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Spiritual lessons for the Common Good | Interfaith | April 30
After celebrating the 40th anniversary of Earth Day, it has become obvious that what all Earthlings have most in common is the planet itself.
But a controversial theory, called “The Tragedy of the Commons” by ecologist Garrett Hardin in 1968, suggests that human short-term selfish interests are often at odds with long-term care of the Common Good.
Even Aristotle noticed, “That which is common to the greatest number has the least care bestowed upon it.”
Despite many examples that disprove this premise, it still raises some significant spiritual issues that point toward the further evolution of our human enterprise. For that to unfold well, we must learn both lessons from our mistakes and some new routines on the dance floor of life. I also hope we can get better at envisioning what the “Common Good” really is.
So maybe Spiritual Lesson No. 1 is about how we grow toward an ever-larger idea of “self,” promoting deeper awareness of the oneness of life. The Common Good wants to be radically inclusive. Extending our sense of identity expands our religious capacity to embrace the Earth in all its diversity.
In fact, lesson No. 2 might be about that diversity, as in how we humans fundamentally reflect the bio-diversity of the planet’s ecosystems, which are indisputably healthier with greater variation.
So embracing diversity becomes not just a nice gesture, but an essential capacity that strengthens the survival of our species, in tune with the abundant life all around us, the Great Commons.
Abundant until we nearsightedly squeeze the life out of, say, the salmon that once flourished in the Puget Sound but now gasp for survival as an afterthought of human “progress.”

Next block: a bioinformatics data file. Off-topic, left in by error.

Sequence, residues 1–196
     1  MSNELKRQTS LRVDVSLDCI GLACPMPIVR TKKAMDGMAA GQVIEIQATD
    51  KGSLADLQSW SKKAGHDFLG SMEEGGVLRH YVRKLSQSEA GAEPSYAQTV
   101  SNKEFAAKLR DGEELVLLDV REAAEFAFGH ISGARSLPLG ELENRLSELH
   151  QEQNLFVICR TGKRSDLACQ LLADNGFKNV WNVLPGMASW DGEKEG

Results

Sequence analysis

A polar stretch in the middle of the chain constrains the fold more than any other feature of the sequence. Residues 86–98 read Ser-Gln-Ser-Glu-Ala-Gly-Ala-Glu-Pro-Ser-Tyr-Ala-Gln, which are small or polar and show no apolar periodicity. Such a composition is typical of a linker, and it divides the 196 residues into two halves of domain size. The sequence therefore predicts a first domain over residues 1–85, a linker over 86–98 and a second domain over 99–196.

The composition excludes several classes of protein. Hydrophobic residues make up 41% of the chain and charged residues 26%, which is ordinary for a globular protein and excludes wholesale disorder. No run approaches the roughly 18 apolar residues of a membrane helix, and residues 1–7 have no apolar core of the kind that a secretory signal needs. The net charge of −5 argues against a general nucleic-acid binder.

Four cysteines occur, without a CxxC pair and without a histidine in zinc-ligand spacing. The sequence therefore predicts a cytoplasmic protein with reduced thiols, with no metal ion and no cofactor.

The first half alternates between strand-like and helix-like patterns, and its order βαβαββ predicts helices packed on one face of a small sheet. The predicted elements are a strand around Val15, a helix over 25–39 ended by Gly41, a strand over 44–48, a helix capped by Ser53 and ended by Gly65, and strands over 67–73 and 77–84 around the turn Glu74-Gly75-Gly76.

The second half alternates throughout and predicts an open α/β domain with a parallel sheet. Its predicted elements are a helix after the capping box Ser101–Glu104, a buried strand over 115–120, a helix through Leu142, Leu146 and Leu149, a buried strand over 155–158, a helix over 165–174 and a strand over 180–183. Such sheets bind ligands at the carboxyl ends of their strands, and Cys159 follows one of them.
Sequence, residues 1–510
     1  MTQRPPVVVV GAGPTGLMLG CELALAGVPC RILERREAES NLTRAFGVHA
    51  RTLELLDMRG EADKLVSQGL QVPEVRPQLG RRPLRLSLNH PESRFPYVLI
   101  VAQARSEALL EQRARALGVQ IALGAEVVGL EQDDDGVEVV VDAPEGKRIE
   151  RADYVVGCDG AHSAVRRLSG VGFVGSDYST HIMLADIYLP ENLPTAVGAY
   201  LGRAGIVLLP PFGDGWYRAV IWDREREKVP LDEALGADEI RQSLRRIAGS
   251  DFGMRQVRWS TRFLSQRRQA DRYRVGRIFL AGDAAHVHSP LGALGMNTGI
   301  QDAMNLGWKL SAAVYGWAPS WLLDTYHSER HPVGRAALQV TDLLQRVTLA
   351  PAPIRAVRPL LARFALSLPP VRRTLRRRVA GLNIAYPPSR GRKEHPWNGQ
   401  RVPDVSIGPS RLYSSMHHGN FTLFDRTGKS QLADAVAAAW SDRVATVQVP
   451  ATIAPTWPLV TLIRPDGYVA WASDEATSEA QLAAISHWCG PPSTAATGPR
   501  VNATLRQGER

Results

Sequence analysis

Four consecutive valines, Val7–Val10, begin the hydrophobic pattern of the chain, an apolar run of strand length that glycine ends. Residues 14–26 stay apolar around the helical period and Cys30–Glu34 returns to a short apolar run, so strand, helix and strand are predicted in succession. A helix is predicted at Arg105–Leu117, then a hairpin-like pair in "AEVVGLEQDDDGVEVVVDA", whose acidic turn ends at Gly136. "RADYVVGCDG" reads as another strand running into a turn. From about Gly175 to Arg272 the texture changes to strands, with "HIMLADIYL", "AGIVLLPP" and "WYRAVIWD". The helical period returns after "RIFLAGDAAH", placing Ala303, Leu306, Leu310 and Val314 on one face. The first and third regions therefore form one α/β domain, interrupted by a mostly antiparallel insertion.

Lesson No. 3 could be about our relationship with the non-human elements that share this global commons with us, such as the cedar, whose roots go a lot deeper into this land than those of us latecomers.
The spiritual lesson is that an inclusive Wisdom of the Commons will absorb insights from many angles, and listen with “inner ears.”
As des-cribed by Columbia Univer-sity’s Center for Research on Envir-onmental Decisions (www.cred.columbia.edu), “Commons dilemmas describe conflicts [whereby] the benefits of exploitation go to individuals... while the costs of exploitation are distributed among all. ...Environmental decisions pose a similar dilemma, in that an individual’s benefit may or may not be the same as what benefits society.”
Might lesson No. 4, then, be about our collective maturity to perceive value and make adjustments on the basis of other than purely personal gain? Our behaviors give vivid testimony (or not) to how we all live and have our being in a great common stream of life that feeds our souls and sponsors an enlightened self-interest writ large, planetary even.
I think, for instance, of the devoted, multiyear collaborations to repopulate some of our island creeks with new generations of salmon.
I eagerly assist one such project with unabashed religious motivation. Our Unitarian Universalist 7th Principle of “respect for the interdependent web of life of which we are a part” is very present in my spiritual discipline as I care for thousands of chum fry at one beautiful crook of Cooper Creek.
I have happily learned from my interfaith friends that there are similar inclinations in other religions. It may appear to be written in stone that we attend the least to that which is shared by the most, but I say it is not written in our hearts. We can learn a new dance, to the music of the spheres. Play on, maestro.
Jaco B. ten Hove is co-minister (with spouse Barbara) at Cedars Unitarian Universalist Church (www.cedarsuuchurch.org). He is also on the steering committee of the B.I. Energy Challenge.